Ladies of steel: Sorority group address female self-esteem


Lady of Steel, an event hosted by the Alpha Kappa Alpha Sorority, Inc. gathered on the night of Tuesday, March 28, in the William Pitt Union for a self-esteem-boosting event. Anna Bongardino | Staff Photographer

By Andrew O'Brien / Staff Writer

Glance at the cover of “Glamour” or “Cosmo” magazines, and chances are your eyes will meet the baby blues or emerald greens of a smirking model with flawless skin.

Her face is smooth and airbrushed, her every imperfection obscured with foundation and Photoshop. But when that model looks in the mirror, she doesn’t see the same face you see on the magazine cover.

Touching on this issue of unrealistic beauty standards, the Alpha Kappa Alpha Sorority, Inc. — the oldest Greek-letter organization established by black women in the United States — hosted an event to boost female self-esteem and attack beauty norms. The event, which was held in room 837 of the William Pitt Union from 9 to 11 p.m. Tuesday, was intended for college women. About 20 students and community members attended the event, “Lady of Steel,” which marked the close of ALA’s second day of SKEE-week — a week featuring programming that promotes awareness for the services the sorority provides to the community.

Shawnee Sparrow, a member of the sorority, started the night by teaching the audience how to recognize low self-esteem in themselves and others.

“Being overly critical of yourself, ignoring your accomplishments and being pessimistic are all some signs of low self-esteem,” Sparrow,  a senior chemical engineering major, said. “I do some of these — we all do — but having low self-esteem means you’re closer to the bottom of the [mental illness] spectrum.”

Sparrow identified the tendency to measure one’s own beauty against the ideal female beauty standard women see in movies and magazines as one of the chief causes of low self-esteem.

Social media places a lot of pressure on women to look good,” Sparrow said. “Heaven forbid our eyebrows are not on fleek.”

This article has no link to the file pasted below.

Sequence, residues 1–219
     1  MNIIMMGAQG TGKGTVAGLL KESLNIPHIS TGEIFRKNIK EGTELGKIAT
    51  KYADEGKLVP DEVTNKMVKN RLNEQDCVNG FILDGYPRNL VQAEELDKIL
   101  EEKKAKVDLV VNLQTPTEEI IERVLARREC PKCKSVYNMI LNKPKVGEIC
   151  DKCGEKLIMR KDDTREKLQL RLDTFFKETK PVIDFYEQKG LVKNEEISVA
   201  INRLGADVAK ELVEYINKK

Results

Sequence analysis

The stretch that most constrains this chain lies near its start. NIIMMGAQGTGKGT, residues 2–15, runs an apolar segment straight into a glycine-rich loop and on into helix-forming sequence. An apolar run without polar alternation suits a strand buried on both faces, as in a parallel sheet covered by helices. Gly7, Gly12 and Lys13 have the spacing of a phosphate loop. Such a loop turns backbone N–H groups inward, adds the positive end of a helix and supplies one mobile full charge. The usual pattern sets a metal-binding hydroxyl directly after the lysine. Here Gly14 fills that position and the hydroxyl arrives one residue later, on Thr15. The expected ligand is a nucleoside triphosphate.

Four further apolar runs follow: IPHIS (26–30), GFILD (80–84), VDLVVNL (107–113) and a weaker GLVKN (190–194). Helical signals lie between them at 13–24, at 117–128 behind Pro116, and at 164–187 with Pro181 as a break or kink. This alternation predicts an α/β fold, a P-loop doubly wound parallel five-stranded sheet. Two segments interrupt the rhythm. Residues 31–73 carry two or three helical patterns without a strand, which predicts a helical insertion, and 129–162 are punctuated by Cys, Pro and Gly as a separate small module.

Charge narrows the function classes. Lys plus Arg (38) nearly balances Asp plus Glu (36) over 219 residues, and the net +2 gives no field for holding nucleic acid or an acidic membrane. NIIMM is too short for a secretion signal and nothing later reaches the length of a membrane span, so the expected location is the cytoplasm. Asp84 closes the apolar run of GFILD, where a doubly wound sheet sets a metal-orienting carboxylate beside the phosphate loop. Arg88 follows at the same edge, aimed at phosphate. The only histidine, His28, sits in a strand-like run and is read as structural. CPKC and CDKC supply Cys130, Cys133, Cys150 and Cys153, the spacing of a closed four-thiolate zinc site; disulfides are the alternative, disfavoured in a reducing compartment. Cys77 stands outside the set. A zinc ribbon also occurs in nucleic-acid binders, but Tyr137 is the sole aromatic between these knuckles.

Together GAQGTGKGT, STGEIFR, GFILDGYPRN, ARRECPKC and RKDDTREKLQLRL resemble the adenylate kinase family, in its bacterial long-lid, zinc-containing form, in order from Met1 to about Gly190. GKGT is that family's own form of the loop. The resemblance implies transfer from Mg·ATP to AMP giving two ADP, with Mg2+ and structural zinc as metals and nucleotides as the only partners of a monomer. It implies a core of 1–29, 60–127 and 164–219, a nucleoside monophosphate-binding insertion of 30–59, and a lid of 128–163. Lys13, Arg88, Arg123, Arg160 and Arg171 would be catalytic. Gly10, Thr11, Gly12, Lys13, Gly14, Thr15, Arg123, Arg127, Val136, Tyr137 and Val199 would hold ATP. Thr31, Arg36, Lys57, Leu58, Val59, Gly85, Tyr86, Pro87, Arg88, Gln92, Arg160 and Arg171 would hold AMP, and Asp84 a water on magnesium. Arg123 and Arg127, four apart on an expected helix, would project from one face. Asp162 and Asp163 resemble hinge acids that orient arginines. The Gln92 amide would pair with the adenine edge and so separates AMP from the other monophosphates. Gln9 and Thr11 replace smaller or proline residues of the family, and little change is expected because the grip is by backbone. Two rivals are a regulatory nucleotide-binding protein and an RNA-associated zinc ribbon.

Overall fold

Monay Cowan, a first-year communications and psychology double major, who heard about the Lady of Steel event over Instagram, agreed.

“A lot of women compare themselves to celebrities,” Cowan said. “It teaches them not to be themselves.”

After Sparrow finished her brief presentation, the event leaders took out a beach ball with questions regarding facets of self-esteem scrawled over it in black marker. Following the leaders’ instructions, the audience members passed the ball around from person to person. When they caught the ball, they read and answered whichever question their right thumb landed on.

Some questions were lighthearted, icebreaker-style inquiries, like, “Would you rather find true love or win $10 million?” Others were more serious and introspective, such as, “What is your advice to someone who wants to boost their self-esteem?” or “What is your least favorite thing about yourself?”

Alex Warner, a first-year English writing major, caught the ball and read “What is your greatest fear?”

Warner thought for a few moments, then answered, “I think my greatest fear is… I won’t believe in my strength to get back up.”

Because of the prevalence of issues with self-esteem and other related mental health concerns, Joslyn Wilburn, a senior communications major and SKEE-Week chairperson, said it’s important for AKA to host events like Lady of Steel to give these serious problems more attention. According to Wilburn, societal expectations for women’s body shape and size are just one example of how these preconceived ideals often do more harm than good.

“Women think they have to be size zero to be accepted,” Wilburn said. “They really don’t.”

Leave a comment.